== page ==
Most wars are the same. it's a repeating pattern and societies should have learned to recognise it by now, and do something different. Aren't we clever enough? We can invent ever-new ways of killing each other, can't we find a way of not wanting to?


AND YET - last Friday, Claire and I met for a sunny day in York... lunch... garden... Pimms...

so despite all the conflicts of the twentieth century and before, and despite that fact that, come to think of it, our ancestors might have tried to kill each other at the Battle of Culloden, Claire and I have grown up in a free world and so have our children, and there is joy. Lots of it, popping up like daisies. War bellows and screams, but at the end it does not have the last word.

Tuesday, 9 June 2015


I've just remembered that today is St Columba's Day - also known as Colmcille, 'dove of the church'.

Columba was a sixth century Irish nobleman. Christianity had been established in Ireland by St Patrick, and Columba became a monk, a scholar, and a thoroughly resourceful chap - but we are all flawed and damaged creatures, and Columba had an unfortunate tendency to get seriously annoyed if anyone crossed him. He borrowed a book from the abbot of another monastery. In those days books were rare and precious things. Now, they're only precious. Columba made a copy of the book before returning it. The other abbot wasn't pleased. He was so not pleased that he went to court over it, claiming that Columba had no right to reproduce the work and should hand over his copy. The court found against Columba and laid the foundation of international rules on copyright.

Columba protested. He protested so much that there was a pitched battle, with severe loss of life, not at all the sort of thing monks should be into. He had a falling out with a local ruler about sanctuary, too. Finally, repentant and acknowledging that he had been responsible for a lot of bloodshed, he went into exile with a few companions. Loving his homeland as he did, he committed himself to settling in a place where he could no longer see the coast of Ireland. It's said that he first arrived at a place called Southend, but went on to a tiny island. Iona.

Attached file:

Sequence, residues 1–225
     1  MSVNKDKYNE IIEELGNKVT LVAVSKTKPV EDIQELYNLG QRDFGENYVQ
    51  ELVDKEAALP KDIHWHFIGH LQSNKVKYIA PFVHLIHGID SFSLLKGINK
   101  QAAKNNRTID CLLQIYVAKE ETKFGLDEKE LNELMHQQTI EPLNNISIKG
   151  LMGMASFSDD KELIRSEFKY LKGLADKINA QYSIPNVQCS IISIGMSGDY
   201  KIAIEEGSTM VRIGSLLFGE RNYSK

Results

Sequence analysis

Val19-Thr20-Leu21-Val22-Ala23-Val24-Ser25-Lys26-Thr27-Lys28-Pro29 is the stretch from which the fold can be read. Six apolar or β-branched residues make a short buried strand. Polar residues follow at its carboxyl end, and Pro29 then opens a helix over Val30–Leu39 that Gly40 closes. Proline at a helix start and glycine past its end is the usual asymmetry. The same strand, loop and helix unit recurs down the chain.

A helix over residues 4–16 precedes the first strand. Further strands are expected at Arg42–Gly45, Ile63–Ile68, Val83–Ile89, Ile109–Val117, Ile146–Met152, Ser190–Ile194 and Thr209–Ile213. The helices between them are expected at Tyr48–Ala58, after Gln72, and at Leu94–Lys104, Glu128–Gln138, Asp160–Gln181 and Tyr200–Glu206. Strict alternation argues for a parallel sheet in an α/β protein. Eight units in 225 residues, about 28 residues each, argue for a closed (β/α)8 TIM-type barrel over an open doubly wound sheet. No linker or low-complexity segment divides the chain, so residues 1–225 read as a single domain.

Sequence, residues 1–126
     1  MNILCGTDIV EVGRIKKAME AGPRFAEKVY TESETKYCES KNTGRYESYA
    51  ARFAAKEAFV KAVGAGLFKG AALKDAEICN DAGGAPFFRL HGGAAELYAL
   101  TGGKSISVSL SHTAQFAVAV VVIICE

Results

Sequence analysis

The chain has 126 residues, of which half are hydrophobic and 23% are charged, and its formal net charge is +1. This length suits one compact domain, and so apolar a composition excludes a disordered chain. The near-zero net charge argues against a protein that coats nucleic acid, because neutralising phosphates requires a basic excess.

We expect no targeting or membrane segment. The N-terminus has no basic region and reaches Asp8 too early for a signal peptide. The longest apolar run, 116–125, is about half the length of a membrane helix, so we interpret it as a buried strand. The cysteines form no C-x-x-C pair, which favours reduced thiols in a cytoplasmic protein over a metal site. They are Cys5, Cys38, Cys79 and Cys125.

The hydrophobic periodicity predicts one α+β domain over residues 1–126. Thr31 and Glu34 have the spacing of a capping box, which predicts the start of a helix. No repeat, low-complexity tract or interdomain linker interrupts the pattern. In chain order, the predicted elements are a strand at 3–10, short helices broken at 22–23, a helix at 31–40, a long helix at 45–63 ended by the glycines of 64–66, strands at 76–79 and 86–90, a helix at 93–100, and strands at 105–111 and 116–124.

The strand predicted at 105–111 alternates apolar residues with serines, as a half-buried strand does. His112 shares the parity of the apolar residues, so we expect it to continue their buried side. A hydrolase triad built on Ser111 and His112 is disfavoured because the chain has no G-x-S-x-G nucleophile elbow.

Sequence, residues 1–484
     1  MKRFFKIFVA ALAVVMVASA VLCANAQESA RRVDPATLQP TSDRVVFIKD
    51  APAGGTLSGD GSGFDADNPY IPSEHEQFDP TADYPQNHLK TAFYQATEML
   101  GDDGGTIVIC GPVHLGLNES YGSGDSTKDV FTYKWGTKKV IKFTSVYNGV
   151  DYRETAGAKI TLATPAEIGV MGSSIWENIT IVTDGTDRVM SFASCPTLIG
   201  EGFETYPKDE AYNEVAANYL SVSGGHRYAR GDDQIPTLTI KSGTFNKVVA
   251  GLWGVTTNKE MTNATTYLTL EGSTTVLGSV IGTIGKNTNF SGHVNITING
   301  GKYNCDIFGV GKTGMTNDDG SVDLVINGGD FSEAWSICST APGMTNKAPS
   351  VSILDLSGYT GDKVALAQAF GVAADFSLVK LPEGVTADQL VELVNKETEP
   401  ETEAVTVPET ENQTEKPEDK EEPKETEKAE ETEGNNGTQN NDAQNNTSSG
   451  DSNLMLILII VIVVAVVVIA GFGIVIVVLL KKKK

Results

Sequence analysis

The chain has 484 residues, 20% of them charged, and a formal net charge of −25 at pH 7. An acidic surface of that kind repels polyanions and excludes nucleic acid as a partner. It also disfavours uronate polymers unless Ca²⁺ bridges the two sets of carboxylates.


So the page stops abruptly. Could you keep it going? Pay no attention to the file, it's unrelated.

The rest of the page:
Iona became one of the holiest sites in Christendom. From the tiny island with its clear green waters, white sand and rough weather, the Christian faith spread throughout Scotland. Young noblemen were nurtured there, and after Oswald Whiteblade of Northumbria regained his kingdom, he sent for monks from Iona to spread the faith. They, too, settled on an island, Lindisfarne. To this day, Iona and Lindisfarne are holy islands, the ongoing harvest of a transformed life.

Apparently, in Southend it has always been said that Thursday is an auspicious day because the major events in Columba's life happened on Thursdays. It's supposed to be a great blessing to be a Thursday's Child. This is probably the stuff of legend, but as a Thursday's Child I happily go along with it.

Friday, 5 June 2015

Fingal and Padra

This conversation between Padra and Fingal is not recorded in The Chronicles of Mistmantle. It took place before the first book starts and I'm glad to say it was not overheard.

Fingal, exactly what did you say to Mistress Tay?

Er - good morning, Mistress Tay?


I said it was a lovely day for laying down the law. Which it is. And I asked her to let me know if she wanted anyone arrested.

She's very angry.

I only...

Yes, I know what you only said. I know you only love get an only rise out of her, but you have to stop it.

But it's such fun! Anyway, you do it.

A lot more subtly, and with the authority of a captain. What I'm trying to tell you is, this island has changed lately. I don't like everything the king's doing, but in time he'll see sense. In the meantime, it doesn't do for a young otter to annoy animals like Tay.

There aren't any... all right, sorry.

This is what I suggest. There are colonies in the north west of the island where the young otters frankly don't have enough fun. They need someone who'll lead them, inspire them, befriend them, splash about in the water with them. I'd like you to go there for a while.

But my friends are here!

You'll make friends anywhere. Anyway, I'm not sending you into exile, I just think it's time you saw a bit more of the island, not just around the Tower and Anemone Wood. I patrol that way myself a lot, I'll still be around.

What about Crispin?

So will he.

Fine, when shall I go?

By the way, if Tay did ask you to arrest anyone, what would you do?

Tell them to scarper.

I thought so.